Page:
Targeting inner-city tastebuds
26 September 2019
More than ever before, consumers want to know where their food comes from. Despite this, many Australians living in major cities have never visited a farm or rural town.
Good Meat, a website providing facts on animal wellbeing, environment and nutrition to the red meat industry’s ‘curious consumers’, is one of the ways MLA connects with people who want to know more about how beef, lamb and goat is produced in Australia.
Last month, Victorian beef producers joined the Good Meat team at the Taste of Melbourne festival to promote Australia’s world-class red meat to metropolitan consumers and chefs.
Melbourne gets a taste of red meat
Taste of Melbourne attendees were treated to a five-course dinner at South Yarra’s Atlas Dining, prepared by special guest chefs from Meatsmith Singapore, Alasdair McKenna and Eddie Goh, as well as local favourite Charlie Carrington.
The event, presented by Diners Club, is part of a series of in-restaurant experiences that take place across Melbourne each month, bringing together some of the best chefs in the city to showcase their menu highlights – many of which include Australian beef and lamb.
With a mouth-watering line-up of grilled striploin, lamb ribs with barberry, and beef brisket, August’s Taste proved to be a hit among Melbourne foodies and chefs alike.
While these monthly events are mainly targeted at consumers, they also provide opportunities for chefs to meet with producers and learn more about their high quality products.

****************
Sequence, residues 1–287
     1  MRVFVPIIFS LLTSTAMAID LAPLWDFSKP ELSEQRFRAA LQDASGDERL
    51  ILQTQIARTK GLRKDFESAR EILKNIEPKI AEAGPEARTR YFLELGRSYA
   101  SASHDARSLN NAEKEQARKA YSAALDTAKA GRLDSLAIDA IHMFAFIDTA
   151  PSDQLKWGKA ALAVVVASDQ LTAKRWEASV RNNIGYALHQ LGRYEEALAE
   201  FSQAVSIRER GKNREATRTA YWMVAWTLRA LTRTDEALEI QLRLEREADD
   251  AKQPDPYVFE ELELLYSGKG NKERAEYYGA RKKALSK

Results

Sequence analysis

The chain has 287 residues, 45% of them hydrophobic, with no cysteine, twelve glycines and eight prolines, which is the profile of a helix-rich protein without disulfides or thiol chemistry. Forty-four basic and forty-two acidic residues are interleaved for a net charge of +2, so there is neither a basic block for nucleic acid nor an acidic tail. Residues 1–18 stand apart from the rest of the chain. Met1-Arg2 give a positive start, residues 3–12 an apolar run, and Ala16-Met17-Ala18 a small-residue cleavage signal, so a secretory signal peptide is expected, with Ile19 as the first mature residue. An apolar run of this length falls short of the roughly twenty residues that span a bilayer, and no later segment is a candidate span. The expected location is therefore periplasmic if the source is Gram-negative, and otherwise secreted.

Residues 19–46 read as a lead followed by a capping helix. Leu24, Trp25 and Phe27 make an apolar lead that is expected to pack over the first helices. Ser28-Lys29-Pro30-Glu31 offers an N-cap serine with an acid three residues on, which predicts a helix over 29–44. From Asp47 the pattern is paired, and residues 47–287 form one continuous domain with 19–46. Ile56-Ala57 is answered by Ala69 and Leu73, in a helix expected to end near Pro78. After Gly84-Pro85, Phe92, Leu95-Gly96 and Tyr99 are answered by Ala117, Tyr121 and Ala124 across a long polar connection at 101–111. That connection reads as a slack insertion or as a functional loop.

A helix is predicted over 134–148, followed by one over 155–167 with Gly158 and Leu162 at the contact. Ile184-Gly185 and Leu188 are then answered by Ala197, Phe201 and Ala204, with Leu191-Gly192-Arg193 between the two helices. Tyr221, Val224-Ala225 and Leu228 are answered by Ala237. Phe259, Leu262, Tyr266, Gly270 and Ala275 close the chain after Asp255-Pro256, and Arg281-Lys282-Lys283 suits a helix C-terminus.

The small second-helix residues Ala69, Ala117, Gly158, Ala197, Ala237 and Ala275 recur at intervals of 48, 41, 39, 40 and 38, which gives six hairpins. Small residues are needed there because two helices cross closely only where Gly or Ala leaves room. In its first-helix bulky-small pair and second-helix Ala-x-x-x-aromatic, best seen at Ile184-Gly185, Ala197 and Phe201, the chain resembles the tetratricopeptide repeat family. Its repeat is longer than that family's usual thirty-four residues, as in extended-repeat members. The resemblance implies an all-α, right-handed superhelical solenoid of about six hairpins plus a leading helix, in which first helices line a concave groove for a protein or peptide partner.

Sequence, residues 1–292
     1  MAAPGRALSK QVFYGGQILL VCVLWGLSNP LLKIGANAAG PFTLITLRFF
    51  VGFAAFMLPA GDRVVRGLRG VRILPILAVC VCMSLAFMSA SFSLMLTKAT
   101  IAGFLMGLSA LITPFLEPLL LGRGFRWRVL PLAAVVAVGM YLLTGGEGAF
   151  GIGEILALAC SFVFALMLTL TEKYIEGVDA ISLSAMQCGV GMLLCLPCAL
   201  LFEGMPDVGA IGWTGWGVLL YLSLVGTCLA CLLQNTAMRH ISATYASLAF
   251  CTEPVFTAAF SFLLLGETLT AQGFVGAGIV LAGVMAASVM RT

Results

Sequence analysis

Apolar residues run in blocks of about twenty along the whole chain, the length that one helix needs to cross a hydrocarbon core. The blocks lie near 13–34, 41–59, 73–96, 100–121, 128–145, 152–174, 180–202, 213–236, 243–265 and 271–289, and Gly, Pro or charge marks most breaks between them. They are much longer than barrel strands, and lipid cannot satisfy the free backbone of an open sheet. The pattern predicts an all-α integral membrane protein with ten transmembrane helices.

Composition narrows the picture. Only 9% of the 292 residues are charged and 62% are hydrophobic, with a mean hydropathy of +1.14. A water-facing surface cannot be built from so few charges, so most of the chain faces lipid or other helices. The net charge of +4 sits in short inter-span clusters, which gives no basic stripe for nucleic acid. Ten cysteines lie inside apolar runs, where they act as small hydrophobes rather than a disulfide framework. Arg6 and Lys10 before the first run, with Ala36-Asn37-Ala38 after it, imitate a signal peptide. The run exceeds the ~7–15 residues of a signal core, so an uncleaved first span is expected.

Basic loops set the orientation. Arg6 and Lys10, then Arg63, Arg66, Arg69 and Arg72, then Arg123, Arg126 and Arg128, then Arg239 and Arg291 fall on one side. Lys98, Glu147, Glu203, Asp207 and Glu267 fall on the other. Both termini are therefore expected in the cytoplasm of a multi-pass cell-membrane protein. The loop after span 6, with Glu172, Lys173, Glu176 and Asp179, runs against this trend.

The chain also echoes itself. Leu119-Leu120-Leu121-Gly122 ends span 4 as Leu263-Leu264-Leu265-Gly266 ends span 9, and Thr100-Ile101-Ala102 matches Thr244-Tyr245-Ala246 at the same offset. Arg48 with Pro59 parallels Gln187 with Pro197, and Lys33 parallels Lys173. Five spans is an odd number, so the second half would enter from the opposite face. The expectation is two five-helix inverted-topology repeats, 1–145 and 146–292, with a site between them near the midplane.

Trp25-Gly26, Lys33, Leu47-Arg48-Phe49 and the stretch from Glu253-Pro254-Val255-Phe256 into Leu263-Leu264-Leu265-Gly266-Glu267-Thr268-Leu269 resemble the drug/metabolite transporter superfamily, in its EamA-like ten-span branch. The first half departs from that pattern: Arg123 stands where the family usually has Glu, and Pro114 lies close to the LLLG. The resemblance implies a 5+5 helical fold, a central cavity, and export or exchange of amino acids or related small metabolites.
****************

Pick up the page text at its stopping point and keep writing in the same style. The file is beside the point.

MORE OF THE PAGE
Tongues wagging at Wagyu
Taste diners heard from MLA producer advocate Vicki Sher, who spoke about her family’s paddock-to-plate operation while guests enjoyed a feast of the Shers’ award-winning Wagyu beef.
Based at Ballan, central Victoria, Sher Wagyu beef is renowned for its flavour and quality, and is sold in restaurants and butcher shops right across Australia.
“The cattle are grassfed until 18 months of age, then moved onto a specially formulated Japanese-style, barley-based ration for a further 400+ days,” Vicki told attendees.
“The ration’s developed for gentle, slow growth, to ensure optimum health of the cattle and the most consistent quality all year around.
“It’s all natural and free from growth hormones and antibiotics,” she said.
Sher Wagyu’s website includes a video on their own paddock-to-plate story, as well as information on Wagyu production, to ensure their customers know exactly where their beef comes from. Read more about Vicki and Nick Sher’s beef business here.
Want to be a producer advocate?
MLA’s producer advocacy program is designed to address the growing trend of consumers wanting to know more about where their food and how it was produced. By providing a direct link between consumers and producers, MLA can help to remove many of the misconceptions around food production. To register your interest, please contact: